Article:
June 30, 2016

Mostly sunny

Brunswick Hills trustees back police chief

BRUNSWICK HILLS TWP. — Township trustees showed their support for Police Chief Sharon MacKay on Tuesday after a closed-door meeting about personnel and management problems in her department.

During the public part of the meeting, Trustee Christina Kusnerak said they will continue to monitor the department but that “the public is not in any imminent distress or danger.”

David Zelenka addresses the Brunswick Hills Township trustees Tuesday. Zelenka resigned from the township’s Police Department earlier this month after receiving no response to a letter he sent to trustees regarding safety and personnel concerns in the department. (GAZETTE PHOTO BY JENNIFER PIGNOLET)

Trustee Michael Esber said the trustees “don’t feel this Police Department is going in a bad direction.”

The trustees met after MacKay responded to allegations from a former employee that the department was creating an unsafe environment for its staff and the township.

On July 23, David Zelenka, a lawyer and police officer hired to help administer the department, wrote a letter to the trustees outlining what he deemed serious safety issues and violations of police protocol.

His letter alleged one sergeant used fear and intimidation with his subordinates, another failed to follow through on cases and that the evidence room was in disarray, among other problems.

Zelenka, who was hired June 26, resigned Aug. 1 after the trustees did not respond to his letter.

Esber said the trustees were waiting for MacKay’s response before contacting Zelenka.

On Friday, MacKay sent an 11-page, single-spaced letter to the trustees and to The Gazette.

MacKay dismissed Zelenka’s accusations that the department was unsafe but acknowledged problems exist.

However, Esber said the chief “has been and has addressed many of the issues in Mr. Zelenka’s letter.”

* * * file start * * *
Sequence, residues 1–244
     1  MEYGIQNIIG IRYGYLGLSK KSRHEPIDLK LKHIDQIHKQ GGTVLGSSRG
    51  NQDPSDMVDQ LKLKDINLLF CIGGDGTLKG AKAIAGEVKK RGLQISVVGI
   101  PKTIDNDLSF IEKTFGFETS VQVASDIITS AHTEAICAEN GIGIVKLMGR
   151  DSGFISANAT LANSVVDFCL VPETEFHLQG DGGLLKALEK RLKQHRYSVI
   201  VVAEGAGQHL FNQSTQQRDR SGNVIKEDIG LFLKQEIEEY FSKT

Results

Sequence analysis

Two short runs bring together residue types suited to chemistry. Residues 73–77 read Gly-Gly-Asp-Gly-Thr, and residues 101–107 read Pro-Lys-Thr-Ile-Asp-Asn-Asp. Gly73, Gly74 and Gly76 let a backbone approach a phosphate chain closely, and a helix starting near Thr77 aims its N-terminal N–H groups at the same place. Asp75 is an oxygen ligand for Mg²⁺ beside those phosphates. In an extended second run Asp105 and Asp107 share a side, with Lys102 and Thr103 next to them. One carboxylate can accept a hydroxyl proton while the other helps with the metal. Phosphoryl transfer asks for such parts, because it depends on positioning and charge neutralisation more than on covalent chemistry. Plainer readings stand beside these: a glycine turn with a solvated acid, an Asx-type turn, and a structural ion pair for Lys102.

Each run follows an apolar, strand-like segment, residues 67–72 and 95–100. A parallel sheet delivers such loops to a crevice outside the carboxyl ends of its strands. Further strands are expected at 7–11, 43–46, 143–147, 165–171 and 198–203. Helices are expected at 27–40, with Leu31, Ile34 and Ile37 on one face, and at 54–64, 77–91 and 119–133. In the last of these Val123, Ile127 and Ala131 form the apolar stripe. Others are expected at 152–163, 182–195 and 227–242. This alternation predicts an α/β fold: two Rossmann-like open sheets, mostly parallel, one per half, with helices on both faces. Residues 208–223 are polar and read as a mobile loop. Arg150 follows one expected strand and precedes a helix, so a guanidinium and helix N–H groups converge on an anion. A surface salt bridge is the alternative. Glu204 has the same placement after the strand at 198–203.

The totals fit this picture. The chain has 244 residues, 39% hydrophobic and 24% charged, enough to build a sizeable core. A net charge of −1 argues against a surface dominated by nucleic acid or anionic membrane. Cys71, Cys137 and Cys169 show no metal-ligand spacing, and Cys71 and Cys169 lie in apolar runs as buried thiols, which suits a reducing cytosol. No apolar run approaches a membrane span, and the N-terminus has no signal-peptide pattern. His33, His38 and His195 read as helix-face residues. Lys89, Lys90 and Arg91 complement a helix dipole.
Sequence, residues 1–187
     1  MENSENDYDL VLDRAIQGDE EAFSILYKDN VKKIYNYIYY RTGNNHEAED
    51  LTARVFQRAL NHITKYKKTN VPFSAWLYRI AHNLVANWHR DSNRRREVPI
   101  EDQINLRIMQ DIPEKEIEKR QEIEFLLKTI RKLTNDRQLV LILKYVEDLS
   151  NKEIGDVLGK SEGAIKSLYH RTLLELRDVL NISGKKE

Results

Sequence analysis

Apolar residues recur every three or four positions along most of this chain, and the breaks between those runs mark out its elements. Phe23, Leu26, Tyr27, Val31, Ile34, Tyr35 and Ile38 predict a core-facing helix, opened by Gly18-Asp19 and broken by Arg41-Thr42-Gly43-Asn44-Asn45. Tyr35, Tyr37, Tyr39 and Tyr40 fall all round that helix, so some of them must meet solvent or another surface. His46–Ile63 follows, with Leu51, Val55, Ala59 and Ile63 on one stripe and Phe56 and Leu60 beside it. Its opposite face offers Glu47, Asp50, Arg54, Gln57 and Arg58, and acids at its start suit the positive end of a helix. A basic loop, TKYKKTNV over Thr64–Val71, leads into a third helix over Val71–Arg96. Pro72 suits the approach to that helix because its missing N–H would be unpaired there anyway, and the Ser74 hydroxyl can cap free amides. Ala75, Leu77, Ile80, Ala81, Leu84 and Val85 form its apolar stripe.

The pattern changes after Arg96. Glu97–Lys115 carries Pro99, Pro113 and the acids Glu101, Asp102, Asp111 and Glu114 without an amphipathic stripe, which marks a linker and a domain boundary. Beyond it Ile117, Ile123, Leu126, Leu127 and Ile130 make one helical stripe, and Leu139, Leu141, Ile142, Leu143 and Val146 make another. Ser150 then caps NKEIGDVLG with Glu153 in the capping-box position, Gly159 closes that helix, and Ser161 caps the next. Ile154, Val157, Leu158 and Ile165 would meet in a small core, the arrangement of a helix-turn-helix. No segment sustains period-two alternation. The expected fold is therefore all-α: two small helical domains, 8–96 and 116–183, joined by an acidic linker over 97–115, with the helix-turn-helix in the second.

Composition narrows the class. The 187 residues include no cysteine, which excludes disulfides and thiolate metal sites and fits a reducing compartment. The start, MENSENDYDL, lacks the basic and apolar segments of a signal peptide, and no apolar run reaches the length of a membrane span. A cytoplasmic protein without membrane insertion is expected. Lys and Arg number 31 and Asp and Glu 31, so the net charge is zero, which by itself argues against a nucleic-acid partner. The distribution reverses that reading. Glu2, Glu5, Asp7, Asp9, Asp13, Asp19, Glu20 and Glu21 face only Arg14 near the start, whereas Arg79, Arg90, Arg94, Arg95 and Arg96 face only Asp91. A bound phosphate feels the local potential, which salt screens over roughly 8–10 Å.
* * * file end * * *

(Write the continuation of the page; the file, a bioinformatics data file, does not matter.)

In her response, MacKay said the department’s evidence room was a mess when she became chief three years ago. But she said she ordered an audit of the room through the Medina County Sheriff’s Office last year and reassigned a sergeant who had been named “evidence custodian.”

The trustees agreed to hold another executive session at a later date to follow up on progress in the department.

After Tuesday’s meeting, MacKay said she is hoping she and the department will be able to move on.

“I’ve been working for three years on correcting the problems in the department and moving the department forward,” the chief said.

She added that her department is “one that the citizens can be proud of.”

Zelenka and his attorney were present for the meeting Tuesday. The trustees invited Zelenka into their closed session. Zelenka declined because the trustees would not permit his attorney also to be in the room.

Zelenka, who is the brother of township police Officer Derek Zelenka, spent four years as a police officer in San Diego after passing the bar in Ohio in 2006.

His attorney, Warner Mendenhall, said after the meeting that although the trustees ultimately supported the chief, Zelenka was happy to have his grievances aired.

“It’s good that the trustees are paying close attention to this Police Department,” Mendenhall said. “It’s important that police procedures are professional.

“Hopefully that will be the case from this point forward.”

Contact Jennifer Pignolet at (330) 721-4063 or jpignolet@medina-gazette.com.